FIG. 7 is a view from the cathode side of the anode grid holder of the present invention.
FIG. 8 is an alternative embodiment of a cathode, cathode holder and trigger electrode of the presesnt invention.
Referring to FIG. 1, a plasma centrifuge generally indicated at 1, comprises a vessel 3 surrounded by electromagnetic coils 5. The cathode 7 is positioned in the vessel 3 and is connected to an arc circuit 9 by means of trigger electrode 11. The vacuum arc plasma 13, which is initiated by a pulse applied to the cathode 7 through the trigger electrode 11 rotates about axis A as a result of the magnetic field B of the electromagnetic coils 5 and the electric field E of the plasma, and flows towards collector 15. An anode grid 17 at ground potential may be used in order to provide stabilization of the plasma arc should that be necessary. A vacuum is created in the vessel 3 by means of diffusion pumps 19 and 21.
FIG. 2 shows an embodiment of the arc circuit 9. This circuit comprisess a pulse forming network 23 which is connected to the cathode 7. Capacitor 25 is charged to a high positive potential with respect to ground. At predetermined time intervals, a triggered spark gap circuit 27 (or other switching means (not shown)) is switched, capacitor 25 reverses polarity and a high negative potential is applied to the cathode which causes a breakdown across the gap between the cathode and the trigger electrode. This voltage breakdown results in the initiation of a vacuum arc which creates the plasma that rotates within the plasma centrifuge. Resistor 29 is important in that without this resistor, the pulse forming network will not discharge in spite of the break down between the cathode and the electrode. The reason for this is that without resistor 29, during the trigger pulse, the cathode 7 remains at a negative potential higher than that of the pulse forming network preventing the flow of current from the pulse forming network.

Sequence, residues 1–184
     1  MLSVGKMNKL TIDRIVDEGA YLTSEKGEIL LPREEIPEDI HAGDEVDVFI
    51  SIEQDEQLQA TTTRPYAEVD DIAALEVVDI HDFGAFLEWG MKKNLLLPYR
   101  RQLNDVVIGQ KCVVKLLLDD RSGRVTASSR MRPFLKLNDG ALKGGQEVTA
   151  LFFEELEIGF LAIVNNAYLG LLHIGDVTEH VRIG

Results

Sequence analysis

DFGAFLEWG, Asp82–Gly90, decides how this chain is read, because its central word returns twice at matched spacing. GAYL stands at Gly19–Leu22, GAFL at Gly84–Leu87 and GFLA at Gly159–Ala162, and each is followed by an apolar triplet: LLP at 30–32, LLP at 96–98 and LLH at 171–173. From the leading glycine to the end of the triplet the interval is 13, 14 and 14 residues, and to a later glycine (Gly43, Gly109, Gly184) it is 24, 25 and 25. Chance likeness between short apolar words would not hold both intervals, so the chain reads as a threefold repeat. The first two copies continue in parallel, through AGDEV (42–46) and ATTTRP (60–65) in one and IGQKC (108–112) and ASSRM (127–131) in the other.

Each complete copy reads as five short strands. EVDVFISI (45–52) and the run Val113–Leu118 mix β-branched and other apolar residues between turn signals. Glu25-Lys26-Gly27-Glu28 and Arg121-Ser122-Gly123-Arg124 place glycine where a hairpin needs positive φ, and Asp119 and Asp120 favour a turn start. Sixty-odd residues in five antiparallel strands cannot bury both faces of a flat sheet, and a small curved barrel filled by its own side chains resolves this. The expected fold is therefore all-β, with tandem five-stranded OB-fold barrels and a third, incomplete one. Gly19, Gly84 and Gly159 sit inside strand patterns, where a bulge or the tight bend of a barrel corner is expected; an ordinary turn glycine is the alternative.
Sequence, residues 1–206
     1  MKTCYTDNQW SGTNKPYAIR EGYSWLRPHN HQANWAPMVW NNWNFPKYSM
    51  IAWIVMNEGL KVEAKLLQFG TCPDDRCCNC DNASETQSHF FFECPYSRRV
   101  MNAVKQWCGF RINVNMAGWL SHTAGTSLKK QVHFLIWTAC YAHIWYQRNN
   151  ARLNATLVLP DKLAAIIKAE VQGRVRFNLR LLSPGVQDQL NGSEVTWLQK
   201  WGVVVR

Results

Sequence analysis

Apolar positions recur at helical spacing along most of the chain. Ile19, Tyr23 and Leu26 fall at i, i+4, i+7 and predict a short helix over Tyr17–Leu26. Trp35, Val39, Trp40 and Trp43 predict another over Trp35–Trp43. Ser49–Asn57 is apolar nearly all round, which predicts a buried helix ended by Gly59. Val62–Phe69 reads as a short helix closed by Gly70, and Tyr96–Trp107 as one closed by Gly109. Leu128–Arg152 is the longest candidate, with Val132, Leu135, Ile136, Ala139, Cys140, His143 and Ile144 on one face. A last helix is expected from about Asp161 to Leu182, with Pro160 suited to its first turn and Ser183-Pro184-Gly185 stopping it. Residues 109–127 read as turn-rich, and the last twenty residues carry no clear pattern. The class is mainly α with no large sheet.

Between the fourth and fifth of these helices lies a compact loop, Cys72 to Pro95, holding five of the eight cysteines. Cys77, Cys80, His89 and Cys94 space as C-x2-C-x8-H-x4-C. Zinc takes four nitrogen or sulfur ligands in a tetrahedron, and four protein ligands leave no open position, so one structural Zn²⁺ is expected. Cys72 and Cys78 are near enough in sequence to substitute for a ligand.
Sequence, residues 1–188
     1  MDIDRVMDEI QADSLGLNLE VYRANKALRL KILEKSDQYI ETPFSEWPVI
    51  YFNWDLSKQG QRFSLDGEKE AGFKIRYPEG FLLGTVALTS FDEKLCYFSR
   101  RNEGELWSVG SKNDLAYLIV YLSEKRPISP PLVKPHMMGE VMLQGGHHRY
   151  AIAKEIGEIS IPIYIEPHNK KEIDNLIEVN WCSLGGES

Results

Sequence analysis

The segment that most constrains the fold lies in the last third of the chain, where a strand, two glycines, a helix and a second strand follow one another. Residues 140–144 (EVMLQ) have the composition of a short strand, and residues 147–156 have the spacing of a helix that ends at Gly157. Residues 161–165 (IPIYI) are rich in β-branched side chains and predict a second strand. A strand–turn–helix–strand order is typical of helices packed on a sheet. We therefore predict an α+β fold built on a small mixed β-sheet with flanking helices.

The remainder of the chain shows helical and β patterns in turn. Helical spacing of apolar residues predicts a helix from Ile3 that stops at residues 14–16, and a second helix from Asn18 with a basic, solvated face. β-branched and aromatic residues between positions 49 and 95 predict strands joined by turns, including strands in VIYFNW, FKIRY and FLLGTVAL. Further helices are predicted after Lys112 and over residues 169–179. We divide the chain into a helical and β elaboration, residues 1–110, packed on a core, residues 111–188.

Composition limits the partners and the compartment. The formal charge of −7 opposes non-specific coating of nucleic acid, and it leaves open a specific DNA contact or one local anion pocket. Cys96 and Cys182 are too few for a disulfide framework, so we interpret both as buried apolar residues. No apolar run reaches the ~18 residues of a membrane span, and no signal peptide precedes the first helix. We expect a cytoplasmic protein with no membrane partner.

FIG. 3 is a more detailed schematic circuit diagram of the arc circuit shown in FIG. 2. Referring to FIG. 3, the pulse forming network 23 is charged by means of a transformer 77 and rectifier 79. When the power to the pulse forming network 23 is cut off, the coil 81 of a normally closed relay is deenergized and switch 83 is closed thereby providing a discharge path for the pulse forming network 23 through a bleeding resistor 85. The magnetic coils 5, which supply the magnetic field for the plasma centrifuge, receive power from a transformer 87. The field current is periodically applied by the closing of a microswitch 89, which is closed by a cam 91 on a cam wheel 93, rotated by a synchronous motor (not shown).